On January 10, the ambitious space transportation company SpaceX attempted a truly audacious experiment: landing part of a rocket safely back on Earth so that it can be recycled. While the Falcon 9 rocket successfully launched the company’s Dragon capsule which later delivered desperately needed supplies to the International Space Station, unfortunately the vehicle didn’t return in one piece but instead made a crash landing. Now, SpaceX founder and CEO Elon Musk has released footage and a series of images of the dramatic event, and they’re pretty awesome.
As you can see in the photo and vine below, the booster rocket hit its landing spot, a football field-sized autonomous barge, at roughly a 45-degree angle before exploding.
Elon Musk, via Twitter.
The vehicle was successfully maneuvered towards the boat through a combination of automatic engine firings and hypersonic grid fins, but the fins ran out of hydraulic fluid just before landing. Unfortunately, this meant that the rocket lost control and came down way too hard, demolishing its landing legs, and then its residual fuel ignited and the whole thing went up in flames. Although it looks dramatic, Musk said that the boat sustained little damage and only requires minor repairs.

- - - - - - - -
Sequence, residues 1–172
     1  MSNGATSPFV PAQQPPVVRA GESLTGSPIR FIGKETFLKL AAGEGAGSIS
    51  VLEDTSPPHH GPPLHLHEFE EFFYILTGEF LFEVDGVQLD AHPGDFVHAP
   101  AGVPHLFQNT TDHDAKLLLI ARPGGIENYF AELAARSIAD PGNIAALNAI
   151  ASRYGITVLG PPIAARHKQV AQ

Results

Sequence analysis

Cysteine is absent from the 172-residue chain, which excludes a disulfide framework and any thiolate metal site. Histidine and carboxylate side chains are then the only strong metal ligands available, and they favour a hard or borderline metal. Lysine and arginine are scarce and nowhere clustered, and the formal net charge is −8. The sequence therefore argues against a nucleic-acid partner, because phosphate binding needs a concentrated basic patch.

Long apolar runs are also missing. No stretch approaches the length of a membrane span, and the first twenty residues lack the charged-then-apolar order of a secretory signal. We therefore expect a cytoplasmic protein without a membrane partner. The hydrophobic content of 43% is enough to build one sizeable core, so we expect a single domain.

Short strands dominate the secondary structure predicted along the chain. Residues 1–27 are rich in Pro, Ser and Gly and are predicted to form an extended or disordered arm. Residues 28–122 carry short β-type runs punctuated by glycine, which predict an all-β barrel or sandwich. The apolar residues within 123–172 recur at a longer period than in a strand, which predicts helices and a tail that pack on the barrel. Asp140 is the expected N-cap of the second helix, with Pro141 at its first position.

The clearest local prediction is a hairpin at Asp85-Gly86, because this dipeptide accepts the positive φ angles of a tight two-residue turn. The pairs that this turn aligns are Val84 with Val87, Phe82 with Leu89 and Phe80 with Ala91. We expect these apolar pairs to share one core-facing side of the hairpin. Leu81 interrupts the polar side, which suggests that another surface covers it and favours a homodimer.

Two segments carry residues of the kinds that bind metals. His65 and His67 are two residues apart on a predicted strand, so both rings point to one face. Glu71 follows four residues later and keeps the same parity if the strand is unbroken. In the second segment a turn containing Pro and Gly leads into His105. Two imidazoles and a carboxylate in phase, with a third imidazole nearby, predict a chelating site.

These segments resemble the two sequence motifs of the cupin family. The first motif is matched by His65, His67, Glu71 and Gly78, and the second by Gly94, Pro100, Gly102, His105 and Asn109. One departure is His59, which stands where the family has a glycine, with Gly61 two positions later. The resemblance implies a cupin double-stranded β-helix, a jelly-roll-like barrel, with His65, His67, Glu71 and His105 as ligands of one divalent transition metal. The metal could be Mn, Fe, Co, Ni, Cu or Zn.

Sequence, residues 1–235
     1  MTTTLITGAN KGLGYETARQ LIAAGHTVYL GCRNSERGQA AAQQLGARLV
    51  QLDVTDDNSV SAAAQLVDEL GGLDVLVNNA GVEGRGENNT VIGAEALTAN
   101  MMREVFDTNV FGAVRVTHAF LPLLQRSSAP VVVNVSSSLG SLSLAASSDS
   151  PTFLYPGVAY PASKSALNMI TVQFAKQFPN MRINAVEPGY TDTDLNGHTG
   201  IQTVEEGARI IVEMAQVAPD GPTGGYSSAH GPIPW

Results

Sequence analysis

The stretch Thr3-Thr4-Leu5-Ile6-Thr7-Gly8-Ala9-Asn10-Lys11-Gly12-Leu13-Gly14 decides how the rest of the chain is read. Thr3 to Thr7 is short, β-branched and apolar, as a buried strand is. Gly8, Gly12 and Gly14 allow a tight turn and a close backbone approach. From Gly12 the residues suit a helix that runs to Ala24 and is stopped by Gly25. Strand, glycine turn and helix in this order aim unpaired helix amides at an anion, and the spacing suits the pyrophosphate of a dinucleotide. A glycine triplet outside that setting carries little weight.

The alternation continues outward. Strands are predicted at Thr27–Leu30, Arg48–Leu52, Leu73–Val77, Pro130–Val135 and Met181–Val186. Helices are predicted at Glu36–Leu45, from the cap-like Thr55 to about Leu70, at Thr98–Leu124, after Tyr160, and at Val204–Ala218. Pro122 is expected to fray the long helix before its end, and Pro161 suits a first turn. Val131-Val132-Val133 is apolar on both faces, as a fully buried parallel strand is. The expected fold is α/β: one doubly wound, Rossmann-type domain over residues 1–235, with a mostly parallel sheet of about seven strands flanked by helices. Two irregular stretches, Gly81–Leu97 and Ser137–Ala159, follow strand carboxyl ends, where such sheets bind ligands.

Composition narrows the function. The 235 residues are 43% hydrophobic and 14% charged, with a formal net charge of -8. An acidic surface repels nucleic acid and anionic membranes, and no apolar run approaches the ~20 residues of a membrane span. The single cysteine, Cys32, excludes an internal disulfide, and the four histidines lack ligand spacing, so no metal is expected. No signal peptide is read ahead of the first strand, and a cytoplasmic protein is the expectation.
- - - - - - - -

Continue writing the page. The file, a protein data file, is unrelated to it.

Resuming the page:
While the experiment didn’t quite go as planned, we must remember that something like this had never been attempted before, and although the rocket can’t be reused as intended, what SpaceX achieved was still incredible. And Musk isn’t going to let one failed experiment deter him as he already has a repeat planned in a few weeks’ time, but the rocket will be equipped with 50% more hydraulic fluid.
The reason that SpaceX is endeavoring to recycle rockets is because it could ultimately slash the cost of space exploration. Traditionally, rockets are only intended for one use and after the payload is detached, the vehicle’s heavy first stage is dumped. These ditched parts then either burn up during reentry or smash into the sea. If rockets can be used multiple times, each mission would no longer require an expensive new one.
[Via New Scientist and space.com]